The National Day of Remembrance and Action on Violence Against Women

The National Day of Remembrance and Action on Violence Against Women

It has been over 30 years since the murder of 14 young women at Polytechnique Montréal (December 6, 1989). This act of violent misogyny shook our country and led Parliament to designate December 6 as The National Day of Remembrance and Action on Violence Against Women.

On December 6, we remember:

  • Geneviève Bergeron
  • Hélène Colgan
  • Nathalie Croteau
  • Barbara Daigneault
  • Anne-Marie Edward
  • Maud Haviernick
  • Maryse Laganière
  • Maryse Leclair
  • Anne-Marie Lemay
  • Sonia Pelletier
  • Michèle Richard
  • Annie St-Arneault
  • Annie Turcotte
  • Barbara Klucznik-Widajewicz

As we mourn their loss and remember their lives, we reaffirm our commitment to fight the hatred that led to this tragedy, and the misogyny that still exists today. In Canada and around the world, women, girls and 2SLGBTQI+ individuals face unacceptable violence and discrimination. Gender-based violence in Canada has been magnified and amplified by the COVID-19 pandemic. There have been reports from police services, shelters, and local organization of an increase in calls related to gender-based violence across Canada during the pandemic.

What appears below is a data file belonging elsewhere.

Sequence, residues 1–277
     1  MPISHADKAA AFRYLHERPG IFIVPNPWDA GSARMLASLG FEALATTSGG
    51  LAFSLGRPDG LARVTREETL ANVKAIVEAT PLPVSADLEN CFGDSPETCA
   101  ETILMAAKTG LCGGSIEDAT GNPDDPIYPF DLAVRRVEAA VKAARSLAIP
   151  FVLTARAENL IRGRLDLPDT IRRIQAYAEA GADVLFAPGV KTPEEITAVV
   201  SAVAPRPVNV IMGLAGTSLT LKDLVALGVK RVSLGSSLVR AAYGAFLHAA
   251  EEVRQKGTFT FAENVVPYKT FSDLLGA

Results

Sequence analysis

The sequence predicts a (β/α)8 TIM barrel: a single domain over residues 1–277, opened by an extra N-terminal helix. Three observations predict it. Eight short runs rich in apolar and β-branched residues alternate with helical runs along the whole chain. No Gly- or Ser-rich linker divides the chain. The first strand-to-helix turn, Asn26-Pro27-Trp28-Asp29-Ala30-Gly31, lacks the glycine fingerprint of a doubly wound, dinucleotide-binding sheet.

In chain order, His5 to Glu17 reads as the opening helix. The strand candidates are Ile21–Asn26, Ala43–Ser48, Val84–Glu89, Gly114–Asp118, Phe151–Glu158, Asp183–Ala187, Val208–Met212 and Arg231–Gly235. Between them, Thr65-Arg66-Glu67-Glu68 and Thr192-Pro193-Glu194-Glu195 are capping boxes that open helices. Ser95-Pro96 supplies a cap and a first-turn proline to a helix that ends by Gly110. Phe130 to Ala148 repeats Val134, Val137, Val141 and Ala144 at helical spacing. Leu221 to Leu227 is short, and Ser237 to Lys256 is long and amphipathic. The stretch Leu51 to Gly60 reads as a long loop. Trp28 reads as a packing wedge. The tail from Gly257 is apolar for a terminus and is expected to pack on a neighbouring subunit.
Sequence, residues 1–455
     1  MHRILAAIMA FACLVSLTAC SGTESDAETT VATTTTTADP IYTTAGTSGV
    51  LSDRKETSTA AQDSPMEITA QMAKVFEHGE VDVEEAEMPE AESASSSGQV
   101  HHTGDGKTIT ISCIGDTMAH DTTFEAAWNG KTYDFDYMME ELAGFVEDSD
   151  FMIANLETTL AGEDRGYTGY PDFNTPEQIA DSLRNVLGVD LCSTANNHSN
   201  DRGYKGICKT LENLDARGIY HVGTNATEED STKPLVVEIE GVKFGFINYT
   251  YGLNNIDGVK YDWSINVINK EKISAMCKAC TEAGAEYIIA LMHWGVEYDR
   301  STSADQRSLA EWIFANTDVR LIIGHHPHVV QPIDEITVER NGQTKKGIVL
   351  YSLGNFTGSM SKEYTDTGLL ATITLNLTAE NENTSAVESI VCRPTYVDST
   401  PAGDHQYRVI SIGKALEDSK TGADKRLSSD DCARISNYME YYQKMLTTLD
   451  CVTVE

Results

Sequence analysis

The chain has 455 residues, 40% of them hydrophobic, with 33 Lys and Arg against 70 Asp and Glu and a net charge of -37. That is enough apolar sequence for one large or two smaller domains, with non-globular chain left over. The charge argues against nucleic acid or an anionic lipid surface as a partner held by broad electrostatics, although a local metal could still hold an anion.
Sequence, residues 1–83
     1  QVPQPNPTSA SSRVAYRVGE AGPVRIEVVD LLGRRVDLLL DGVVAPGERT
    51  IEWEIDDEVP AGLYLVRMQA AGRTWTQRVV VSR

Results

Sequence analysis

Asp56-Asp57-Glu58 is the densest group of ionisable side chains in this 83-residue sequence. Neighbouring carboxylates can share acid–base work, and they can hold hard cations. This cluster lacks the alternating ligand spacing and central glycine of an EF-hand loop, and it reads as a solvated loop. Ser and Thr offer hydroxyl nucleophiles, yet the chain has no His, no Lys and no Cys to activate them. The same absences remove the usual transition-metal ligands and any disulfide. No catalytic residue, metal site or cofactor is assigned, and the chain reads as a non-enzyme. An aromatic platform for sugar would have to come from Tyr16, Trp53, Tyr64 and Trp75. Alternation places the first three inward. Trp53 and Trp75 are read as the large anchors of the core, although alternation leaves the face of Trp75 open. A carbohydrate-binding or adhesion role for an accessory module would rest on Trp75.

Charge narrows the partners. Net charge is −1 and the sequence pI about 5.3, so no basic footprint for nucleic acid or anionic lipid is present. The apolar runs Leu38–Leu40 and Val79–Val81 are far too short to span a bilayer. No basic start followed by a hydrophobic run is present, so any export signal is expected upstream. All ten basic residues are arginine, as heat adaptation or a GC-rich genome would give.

The National Day of Remembrance and Action on Violence Against Women is about remembering those who have experienced gender-based violence and those who we have lost to it. It is also a time to take action. Achieving a Canada free from gender-based violence requires everyone living in this country to educate themselves and their families and communities on gender-based violence, centre the voices of survivors in our actions and speak up against harmful behaviours.